After so many successes to do with theatre, was it hard to move on to cinema?
It was actually an accident! I had gone for an audition, but I knew I wasn't their first choice maybe the fourth of fifth. Anyway, I got the part. And the first one led to the second one. I did Sid and Nancy [by Alex Cox, in which he plays Sid Vicious, leader of the Sex Pistols] and then Prick Up You Ears [by Stephen Frears, in which he plays the playwright Joe Orton]. Those two movies did quite well in the US; Americans liked them. After that, I was in State of Grace [by Phil Joanou, with Sean Penn], which was certainly one of my best performances. And then I carried on: Henry & June by Philip Kaufman, JFK by Oliver Stone [in which he played Lee Harvey Oswald]. In the US, people used to think I was American. It was a great thing for a British actor to make himself known over there. It hadn't happened since Vivien Leigh.
That's when you moved to New York
Yes. The cinema industry was in America, not in England. Moreover, my marriage was broken, I had met Uma [Thurman whom he would marry in 1990 and divorce two years later]. I loved the energy in New York. You get out of your building to walk on the street and it's as if the curtain was going up!
You were far away from New Cross [the London area where he was born on Marc
h 21st, 1958]
You can say that! (He laughs)
What was the last performance in cinema that brought you pleasure?
Manipulations [by Rod Lurie, with Joan Allen, Jeff Bridges and Christian Slater, never been released in France]. It was a good role, in a good thriller, very well written.
One of the last times we talked, it seems as though you weren't really excited about being an actor anymore
That may be because I'm getting older! Being an actor is a good way to earn a living. And to meet fabulous people. It's great to live very comfortably. I've been lucky, I've had a lot of fun with great roles, but it is true that if I were extremely rich, I would stop and I would go to play football on a beach in the Caribbean with my children
You used to be a good football player, right?
Yes. There's nothing better than running with a ball and scoring a goal. It's the most exhilarating feeling in the world! When I was at school, I was a good player. So good in fact that many people told my mother that I should become a professional. I was born near the Millwall stadium [a London team], but I've always been a Manchester United fan. I love George Best [star of the club in the 70s]. I've even recently bought one of his shirts on the internet!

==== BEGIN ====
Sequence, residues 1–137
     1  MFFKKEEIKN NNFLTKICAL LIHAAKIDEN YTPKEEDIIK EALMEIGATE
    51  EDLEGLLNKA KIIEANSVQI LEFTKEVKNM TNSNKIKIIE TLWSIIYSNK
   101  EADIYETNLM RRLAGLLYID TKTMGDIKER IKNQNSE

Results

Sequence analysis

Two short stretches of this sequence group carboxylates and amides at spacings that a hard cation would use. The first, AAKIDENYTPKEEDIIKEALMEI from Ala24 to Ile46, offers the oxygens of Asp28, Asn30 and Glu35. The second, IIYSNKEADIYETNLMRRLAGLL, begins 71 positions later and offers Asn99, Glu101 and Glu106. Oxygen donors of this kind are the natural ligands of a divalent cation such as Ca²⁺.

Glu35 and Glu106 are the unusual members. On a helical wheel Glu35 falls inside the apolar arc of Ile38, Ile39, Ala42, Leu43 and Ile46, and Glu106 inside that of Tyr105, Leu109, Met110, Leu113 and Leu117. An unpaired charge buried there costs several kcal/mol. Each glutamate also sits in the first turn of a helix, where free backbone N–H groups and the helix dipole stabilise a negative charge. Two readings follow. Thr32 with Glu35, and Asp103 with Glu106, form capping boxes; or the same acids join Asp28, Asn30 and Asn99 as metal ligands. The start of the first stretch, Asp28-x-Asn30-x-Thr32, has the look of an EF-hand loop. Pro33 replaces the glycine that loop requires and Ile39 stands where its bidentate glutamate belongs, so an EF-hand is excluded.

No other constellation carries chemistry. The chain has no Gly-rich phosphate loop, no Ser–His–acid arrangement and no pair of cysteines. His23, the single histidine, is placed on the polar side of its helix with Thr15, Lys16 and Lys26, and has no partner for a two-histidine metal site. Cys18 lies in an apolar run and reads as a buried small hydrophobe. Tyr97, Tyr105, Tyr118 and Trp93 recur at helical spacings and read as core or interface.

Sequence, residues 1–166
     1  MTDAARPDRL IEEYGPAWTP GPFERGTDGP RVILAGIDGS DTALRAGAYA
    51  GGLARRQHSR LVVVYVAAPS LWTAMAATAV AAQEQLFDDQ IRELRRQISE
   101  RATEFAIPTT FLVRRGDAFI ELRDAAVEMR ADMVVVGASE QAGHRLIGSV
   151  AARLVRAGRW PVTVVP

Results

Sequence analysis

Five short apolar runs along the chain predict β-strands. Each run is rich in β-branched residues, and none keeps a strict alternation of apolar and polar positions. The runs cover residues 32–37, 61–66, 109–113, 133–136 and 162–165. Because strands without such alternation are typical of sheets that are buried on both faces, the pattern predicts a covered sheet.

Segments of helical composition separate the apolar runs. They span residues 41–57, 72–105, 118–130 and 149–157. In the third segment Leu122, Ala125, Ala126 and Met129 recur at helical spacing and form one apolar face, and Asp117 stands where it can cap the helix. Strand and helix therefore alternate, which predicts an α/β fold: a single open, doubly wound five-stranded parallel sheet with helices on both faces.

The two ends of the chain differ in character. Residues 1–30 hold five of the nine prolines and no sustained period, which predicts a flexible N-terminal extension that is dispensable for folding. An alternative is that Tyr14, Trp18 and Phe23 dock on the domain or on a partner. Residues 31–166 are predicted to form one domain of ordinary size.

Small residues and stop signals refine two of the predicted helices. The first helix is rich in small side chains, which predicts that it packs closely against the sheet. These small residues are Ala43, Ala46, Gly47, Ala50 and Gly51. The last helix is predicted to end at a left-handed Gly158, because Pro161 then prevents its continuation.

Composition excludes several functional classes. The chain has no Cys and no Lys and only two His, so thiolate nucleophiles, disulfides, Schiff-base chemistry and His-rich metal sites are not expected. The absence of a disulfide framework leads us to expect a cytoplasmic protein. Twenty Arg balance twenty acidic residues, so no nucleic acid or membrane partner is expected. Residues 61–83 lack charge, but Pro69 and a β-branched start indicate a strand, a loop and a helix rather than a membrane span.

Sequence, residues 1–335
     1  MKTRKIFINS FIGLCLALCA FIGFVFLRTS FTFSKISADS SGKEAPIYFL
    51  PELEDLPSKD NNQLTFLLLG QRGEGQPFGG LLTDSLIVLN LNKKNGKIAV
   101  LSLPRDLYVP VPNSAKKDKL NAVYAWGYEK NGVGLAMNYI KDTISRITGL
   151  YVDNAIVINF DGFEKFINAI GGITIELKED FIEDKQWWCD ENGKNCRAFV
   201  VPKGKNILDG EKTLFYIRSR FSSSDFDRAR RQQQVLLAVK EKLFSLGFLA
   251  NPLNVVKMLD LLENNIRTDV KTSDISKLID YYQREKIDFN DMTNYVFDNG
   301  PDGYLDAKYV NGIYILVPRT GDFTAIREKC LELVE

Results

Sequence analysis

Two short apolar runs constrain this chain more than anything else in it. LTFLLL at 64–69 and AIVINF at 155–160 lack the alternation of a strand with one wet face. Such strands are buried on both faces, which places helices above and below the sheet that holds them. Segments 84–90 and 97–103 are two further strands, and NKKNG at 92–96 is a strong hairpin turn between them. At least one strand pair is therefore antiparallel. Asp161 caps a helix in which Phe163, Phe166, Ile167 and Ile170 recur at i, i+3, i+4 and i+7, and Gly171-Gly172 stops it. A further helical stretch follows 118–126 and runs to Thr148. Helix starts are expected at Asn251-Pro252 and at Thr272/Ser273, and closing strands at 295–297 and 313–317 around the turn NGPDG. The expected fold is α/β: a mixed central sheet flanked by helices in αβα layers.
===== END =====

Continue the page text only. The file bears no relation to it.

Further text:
Has the excitment you had when you were a young actor gone?
The prospect of learning is so much bigger when you're young Of course, energy and enthusiasm are not the same anymore. Back then, there was no reason to turn anything down. Everything I had to discover was before me. When you've done this for twenty years, it's not the same anymore. When I thought about moving on to directing, I thought, I don't know how to write, I don't know how to direct, so I'm going to do it! It was difficult, but it was a real challenge. It was very exciting. I should have done it earlier!
Would you say that Coppola is the best director with whom you have worked?
For my income, sure! (He laughs) Coppola is the best living American director.
But, we all remember that shooting Dracula was difficult
That's because we were both so involved, and that we didn't always have the same point of view. By the way, his daughter, Sofia, has done a great movie; it's my favourite one of the year, and even all the years! Lost in Translation is a masterpiece. Her father can be proud.
And what did you retain from your performance as Mason Verger in Hannibal, by Ridley Scott?
I loved working with Ridley, and I loved the character. People used to say to me, You disappear behind the make-up, you're in a wheelchair and you can't move at all; it must have been so frustrating. No, it wasn't. It was even certainly the most liberating thing I've ever done. I've never been freer and more relaxed on a set.
How do you explain that?
Because I was completely hidden! It was like being dressed up for Halloween. You feel a lot less inhibited behind a mask. For me, it's the ultimate experience for an actor. When you're hidden, you don't have to look like Gary Oldman.
In the book by Thomas Harris, Mason Verger is a really crazy man. You seem to like this kind of characters.
Yes. Because I'm interested in the people and their imperfections.
So what did you bring to Drexl, in True Romance?
The character already existed in the script, which was very well written. Tarantino [who wrote the script, directed by Tony Scott in 1993, see Studio no.80] is unequalled when it comes to bringing dialogs and action together. I just had my say about what the character looked like, that's all.
You have just found yourself with Tony Scott again, to shoot a BMW advert. Did you like it?